Natural Language Processing Nuggets: Getting Started with NLP
Check out this collection of NLP resources for beginners, starting from zero and slowly progressing to the point that readers should have an idea of where to go next.
This is a collection of some of my natural language processing (NLP) posts from the past year or so. They start from zero and progress accordingly, and are suitable for individuals looking to creep toward NLP and pick up some of the basic ideas, before hopefully branching out further (see the final 2 resources listed below for more on that).
Not originally intended to be in any particular order, if you are inclined to read them all, they are best approached in the order they are presented.
At the intersection of computational linguistics and artificial intelligence is where we find natural language processing. Very broadly, natural language processing (NLP) is a discipline which is interested in how human languages, and, to some extent, the humans who speak them, interact with technology. NLP is an interdisciplinary topic which has historically been the equal domain of artificial intelligence researchers and linguistics alike; perhaps obviously, those approaching the discipline from the linguistics side must get up to speed on technology, while those entering the discipline from the technology realm need to learn the linguistic concepts.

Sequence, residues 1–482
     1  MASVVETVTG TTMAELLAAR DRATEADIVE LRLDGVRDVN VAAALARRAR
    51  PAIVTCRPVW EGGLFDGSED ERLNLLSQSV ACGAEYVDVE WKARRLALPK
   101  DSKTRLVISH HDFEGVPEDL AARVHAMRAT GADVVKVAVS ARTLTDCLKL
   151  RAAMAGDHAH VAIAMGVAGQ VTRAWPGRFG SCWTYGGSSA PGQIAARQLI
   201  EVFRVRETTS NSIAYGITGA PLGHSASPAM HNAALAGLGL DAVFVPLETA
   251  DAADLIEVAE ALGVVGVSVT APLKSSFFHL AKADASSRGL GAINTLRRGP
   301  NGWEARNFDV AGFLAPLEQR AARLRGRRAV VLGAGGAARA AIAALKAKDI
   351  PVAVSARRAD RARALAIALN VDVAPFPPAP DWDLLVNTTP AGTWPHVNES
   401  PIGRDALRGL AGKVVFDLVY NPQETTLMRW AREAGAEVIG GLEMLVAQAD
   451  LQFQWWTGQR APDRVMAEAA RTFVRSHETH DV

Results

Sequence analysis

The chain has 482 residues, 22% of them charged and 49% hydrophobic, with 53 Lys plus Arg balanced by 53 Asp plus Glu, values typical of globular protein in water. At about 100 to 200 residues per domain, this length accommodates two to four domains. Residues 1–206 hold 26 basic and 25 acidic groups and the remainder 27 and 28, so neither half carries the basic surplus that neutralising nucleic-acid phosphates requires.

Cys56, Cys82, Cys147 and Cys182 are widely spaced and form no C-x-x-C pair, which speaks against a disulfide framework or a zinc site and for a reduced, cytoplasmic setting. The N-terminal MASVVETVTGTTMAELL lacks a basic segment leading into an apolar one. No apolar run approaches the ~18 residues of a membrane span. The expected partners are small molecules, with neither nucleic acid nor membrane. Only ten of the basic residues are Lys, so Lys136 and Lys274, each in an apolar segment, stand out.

It is this second group that this post aims to serve at an introductory level, as we take a no-nonsense approach to defining some key NLP terminology. While you certainly won't be a linguistic expert after reading this, we hope that you are better able to understand some of the NLP-related discourse, and gain perspective as to how to proceed with learning more on the topics herein.
So here they are, 18 select natural language processing terms, concisely defined, with links to further reading where appropriate.
Natural language processing (NLP) concerns itself with the interaction between natural human languages and computing devices. NLP is a major aspect of computational linguistics, and also falls within the realms of computer science and artificial intelligence.
Text mining exists in a similar realm as NLP, in that it is concerned with identifying interesting, non-trivial patterns in textual data.
OK, great. But really, what is the difference?
First off, the exact boundaries of these 2 concepts are not well-defined and agreed-upon (see data mining vs. data science), and bleed into one another to varying degrees, depending on the practitioners and researchers with whom you discuss such matters. I find it easiest to differentiate by degree of insight. If raw text is data, then text mining is information and NLP is knowledge (see the Pyramid of Understanding below). Syntax versus semantics, if you will.